World Pumps

Major news, innovation and real-life applications for pumps and ancillary equipment.

Wind Systems

Towers, turbines, gearboxes; processes for shaping and finishing component parts.

Power Transmission

Gear drives, bearings, motors, clutches, couplings, machine controls, sensors and components.

CNC Machining Design Guide

Optimize your designs, reduce machining time, and lower your costs.

more free magazines
Composition of Fiber Reinforced Composites

Common fiber reinforced composites are composed of fibers and a matrix. Fibers are the reinforcement and the main source of strength while the matrix 'glues' all the fibers together in shape and transfers stresses between the reinforcing fibers. Sometimes, fillers or modifiers might be added to smooth manufacturing process, impart special properties, and/or reduce product cost.

Fibers of Fiber Reinforced Composites

The primary function of the fibers is to carry the loads along their longitudinal directions. Common fiber reinforcing agents include

  • Aluminum, Aluminum oxide, Aluminum silica
  • Asbestos
  • Beryllium, Beryllium carbide, Beryllium oxide
  • Carbon (Graphite)
  • Glass (E-glass, S-glass, D-glass)
  • Molybdenum
  • Polyamide (Aromatic polyamide, Aramid), e.g., Kevlar 29 and Kevlar 49
  • Polyester
  • Quartz (Fused silica)
  • Steel
  • Tantalum
  • Titanium
  • Tungsten, Tungsten monocarbide
Matrix of Fiber Reinforced Composites

The primary functions of the matrix are to transfer stresses between the reinforcing fibers (hold fibers together) and protect the fibers from mechanical and/or environmental damages. A basic requirement for a matrix material is that its strain at break must be larger than the fibers it is holding.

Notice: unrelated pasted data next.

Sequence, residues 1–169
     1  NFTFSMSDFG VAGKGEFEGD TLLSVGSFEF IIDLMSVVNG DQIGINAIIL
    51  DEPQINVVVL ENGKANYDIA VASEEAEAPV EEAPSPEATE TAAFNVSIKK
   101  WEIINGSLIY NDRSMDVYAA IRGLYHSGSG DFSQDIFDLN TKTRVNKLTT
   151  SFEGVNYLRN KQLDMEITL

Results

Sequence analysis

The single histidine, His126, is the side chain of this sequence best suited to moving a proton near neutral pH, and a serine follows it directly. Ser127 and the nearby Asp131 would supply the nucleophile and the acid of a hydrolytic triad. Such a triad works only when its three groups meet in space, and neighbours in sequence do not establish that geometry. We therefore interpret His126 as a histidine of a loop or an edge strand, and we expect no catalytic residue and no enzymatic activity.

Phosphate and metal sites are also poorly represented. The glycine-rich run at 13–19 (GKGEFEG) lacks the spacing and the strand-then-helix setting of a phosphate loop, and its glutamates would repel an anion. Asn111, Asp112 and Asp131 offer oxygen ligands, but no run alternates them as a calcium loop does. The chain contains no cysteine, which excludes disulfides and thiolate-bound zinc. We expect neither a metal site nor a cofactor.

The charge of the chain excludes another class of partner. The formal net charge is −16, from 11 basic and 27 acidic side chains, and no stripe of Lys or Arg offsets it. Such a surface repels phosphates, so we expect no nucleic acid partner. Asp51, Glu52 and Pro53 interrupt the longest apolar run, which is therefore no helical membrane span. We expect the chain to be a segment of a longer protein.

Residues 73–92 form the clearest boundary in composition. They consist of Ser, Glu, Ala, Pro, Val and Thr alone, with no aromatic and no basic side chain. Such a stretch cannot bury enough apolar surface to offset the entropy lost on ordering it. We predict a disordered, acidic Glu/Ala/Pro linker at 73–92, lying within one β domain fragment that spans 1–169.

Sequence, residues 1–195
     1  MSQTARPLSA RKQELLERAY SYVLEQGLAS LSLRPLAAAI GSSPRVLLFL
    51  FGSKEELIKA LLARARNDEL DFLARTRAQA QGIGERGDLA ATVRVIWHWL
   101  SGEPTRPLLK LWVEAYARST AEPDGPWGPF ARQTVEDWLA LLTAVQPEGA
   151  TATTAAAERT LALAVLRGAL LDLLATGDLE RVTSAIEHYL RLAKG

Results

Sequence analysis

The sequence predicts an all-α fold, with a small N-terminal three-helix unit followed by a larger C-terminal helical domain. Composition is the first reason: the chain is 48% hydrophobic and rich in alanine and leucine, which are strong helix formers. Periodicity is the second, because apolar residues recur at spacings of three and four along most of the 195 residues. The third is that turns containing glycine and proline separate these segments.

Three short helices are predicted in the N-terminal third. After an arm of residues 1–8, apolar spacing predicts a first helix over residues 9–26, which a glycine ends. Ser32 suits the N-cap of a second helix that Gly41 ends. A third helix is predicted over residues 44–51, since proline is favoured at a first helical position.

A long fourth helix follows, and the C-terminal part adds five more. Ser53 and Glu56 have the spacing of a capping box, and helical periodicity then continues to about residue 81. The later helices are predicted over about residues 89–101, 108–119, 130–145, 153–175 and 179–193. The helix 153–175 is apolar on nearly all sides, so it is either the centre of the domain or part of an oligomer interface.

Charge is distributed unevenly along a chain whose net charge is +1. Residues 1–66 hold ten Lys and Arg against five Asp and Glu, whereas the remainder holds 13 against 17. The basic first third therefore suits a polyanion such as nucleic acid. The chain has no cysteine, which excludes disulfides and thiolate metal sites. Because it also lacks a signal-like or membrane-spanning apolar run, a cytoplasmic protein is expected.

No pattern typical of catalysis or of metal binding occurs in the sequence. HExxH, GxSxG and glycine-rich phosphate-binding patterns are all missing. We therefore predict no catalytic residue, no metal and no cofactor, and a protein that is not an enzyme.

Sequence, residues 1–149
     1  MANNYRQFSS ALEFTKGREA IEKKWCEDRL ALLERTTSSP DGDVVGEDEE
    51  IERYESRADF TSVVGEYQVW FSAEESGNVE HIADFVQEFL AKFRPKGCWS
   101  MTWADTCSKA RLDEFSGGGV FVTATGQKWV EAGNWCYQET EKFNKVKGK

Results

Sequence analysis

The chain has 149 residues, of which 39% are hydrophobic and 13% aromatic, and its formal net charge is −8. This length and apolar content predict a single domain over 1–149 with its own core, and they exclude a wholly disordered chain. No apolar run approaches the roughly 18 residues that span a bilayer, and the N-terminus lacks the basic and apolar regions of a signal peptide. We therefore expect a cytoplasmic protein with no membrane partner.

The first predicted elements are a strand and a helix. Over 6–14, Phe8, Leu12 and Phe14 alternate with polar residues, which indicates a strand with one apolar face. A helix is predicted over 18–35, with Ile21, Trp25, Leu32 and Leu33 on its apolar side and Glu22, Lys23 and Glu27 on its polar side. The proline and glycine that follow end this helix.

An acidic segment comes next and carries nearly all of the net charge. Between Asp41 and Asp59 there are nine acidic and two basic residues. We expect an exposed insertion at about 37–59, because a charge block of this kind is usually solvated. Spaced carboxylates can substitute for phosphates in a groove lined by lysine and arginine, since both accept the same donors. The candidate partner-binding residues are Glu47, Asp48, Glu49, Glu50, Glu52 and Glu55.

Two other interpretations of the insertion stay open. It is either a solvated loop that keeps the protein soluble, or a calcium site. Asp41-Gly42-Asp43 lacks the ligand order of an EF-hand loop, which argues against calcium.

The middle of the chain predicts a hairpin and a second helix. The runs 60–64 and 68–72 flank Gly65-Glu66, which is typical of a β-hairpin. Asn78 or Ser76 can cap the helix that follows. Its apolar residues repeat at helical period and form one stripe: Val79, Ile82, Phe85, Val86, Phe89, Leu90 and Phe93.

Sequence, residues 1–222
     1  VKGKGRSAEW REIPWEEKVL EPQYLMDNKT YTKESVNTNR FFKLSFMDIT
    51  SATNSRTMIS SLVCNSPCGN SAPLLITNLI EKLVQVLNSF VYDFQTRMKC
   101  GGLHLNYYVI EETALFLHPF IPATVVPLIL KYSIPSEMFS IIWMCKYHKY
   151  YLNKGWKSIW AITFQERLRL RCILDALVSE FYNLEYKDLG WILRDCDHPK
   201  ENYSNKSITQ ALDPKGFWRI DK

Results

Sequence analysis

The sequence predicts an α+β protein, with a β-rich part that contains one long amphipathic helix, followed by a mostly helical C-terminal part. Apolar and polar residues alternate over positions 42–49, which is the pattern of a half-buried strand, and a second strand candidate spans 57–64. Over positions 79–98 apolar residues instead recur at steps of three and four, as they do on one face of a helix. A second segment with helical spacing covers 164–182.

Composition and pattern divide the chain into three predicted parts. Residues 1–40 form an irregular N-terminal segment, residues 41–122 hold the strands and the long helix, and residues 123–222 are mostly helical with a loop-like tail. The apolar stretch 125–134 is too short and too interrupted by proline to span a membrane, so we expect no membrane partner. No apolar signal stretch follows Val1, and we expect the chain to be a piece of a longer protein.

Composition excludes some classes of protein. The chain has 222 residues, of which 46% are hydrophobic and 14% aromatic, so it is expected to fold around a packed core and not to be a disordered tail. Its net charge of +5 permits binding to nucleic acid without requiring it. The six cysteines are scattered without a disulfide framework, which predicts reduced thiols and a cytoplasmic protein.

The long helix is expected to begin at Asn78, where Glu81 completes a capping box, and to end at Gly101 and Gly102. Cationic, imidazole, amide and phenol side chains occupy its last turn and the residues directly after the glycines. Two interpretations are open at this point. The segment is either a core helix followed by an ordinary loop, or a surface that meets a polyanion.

Most matrices are made of resins for their wide variation in properties and relatively low cost. Common resin materials include

  • Resin Matrix
    • Epoxy
    • Phenolic
    • Polyester
    • Polyurethane
    • Vinyl Ester

Among these resin materials, polyesters are the most widely used. Epoxies, which have higher adhesion and less shrinkage than polyesters, come in second for their higher costs.

Although less common, non-resin matrices (mostly metals) can still be found in applications requiring higher performance at elevated temperatures, especially in the defense industry.

  • Metal Matrix
    • Aluminum
    • Copper
    • Lead
    • Magnesium
    • Nickel
    • Silver
    • Titanium
  • Non-Metal Matrix
    • Ceramics
Modifiers of Fiber Reinforced Composites

The primary functions of the additives (modifiers, fillers) are to reduce cost, improve workability, and/or impart desired properties.

  • Cost Reduction:
    • Low cost to weight ratio, may fill up to 40% (65% in some cases) of the total weight
  • Workability Improvement:
    • Reduce shrinkage
    • Help air release
    • Decrease viscosity
    • Control emission
    • Reduce coefficient of friction on surfaces
    • Seal molds and/or guide resin flows
    • Initiate and/or speed up or slow down curing process
  • Property Enhancement:
    • Improve electric conductivity
    • Improve fire resistance
    • Improve corrosion resistance
    • Improve ultraviolet resistance
    • Improve surface toughness
    • Stabilize heat transfer
    • Reduce tendency of static electric charge
    • Add desired colors

Common materials used as additives include

  • Filler Materials:
    • Feldspar
    • Glass microspheres
    • Glass flakes
    • Glass fibers, milled
    • Mica
    • Silica
    • Talc
    • Wollastonite
    • Other microsphere products
  • Modifier Materials:
    • Organic peroxide, e.g., methylethylketone peroxide (MEKP)
    • Benzoyl peroxide
    • Tertiary butyl catechol (TBC)
    • Dimethylaniline (DMA)
    • Zinc stearate, waxes, silicones
    • Fumed silica, clays
Glossary